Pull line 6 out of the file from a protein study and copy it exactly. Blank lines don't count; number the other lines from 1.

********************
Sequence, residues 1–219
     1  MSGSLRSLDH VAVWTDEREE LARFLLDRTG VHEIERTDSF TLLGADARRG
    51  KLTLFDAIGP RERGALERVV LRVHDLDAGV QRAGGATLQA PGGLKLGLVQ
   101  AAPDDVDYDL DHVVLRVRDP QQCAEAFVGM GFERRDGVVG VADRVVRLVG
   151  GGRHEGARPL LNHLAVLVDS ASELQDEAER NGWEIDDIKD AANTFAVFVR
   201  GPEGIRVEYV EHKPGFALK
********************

   201  GPEGIRVEYV EHKPGFALK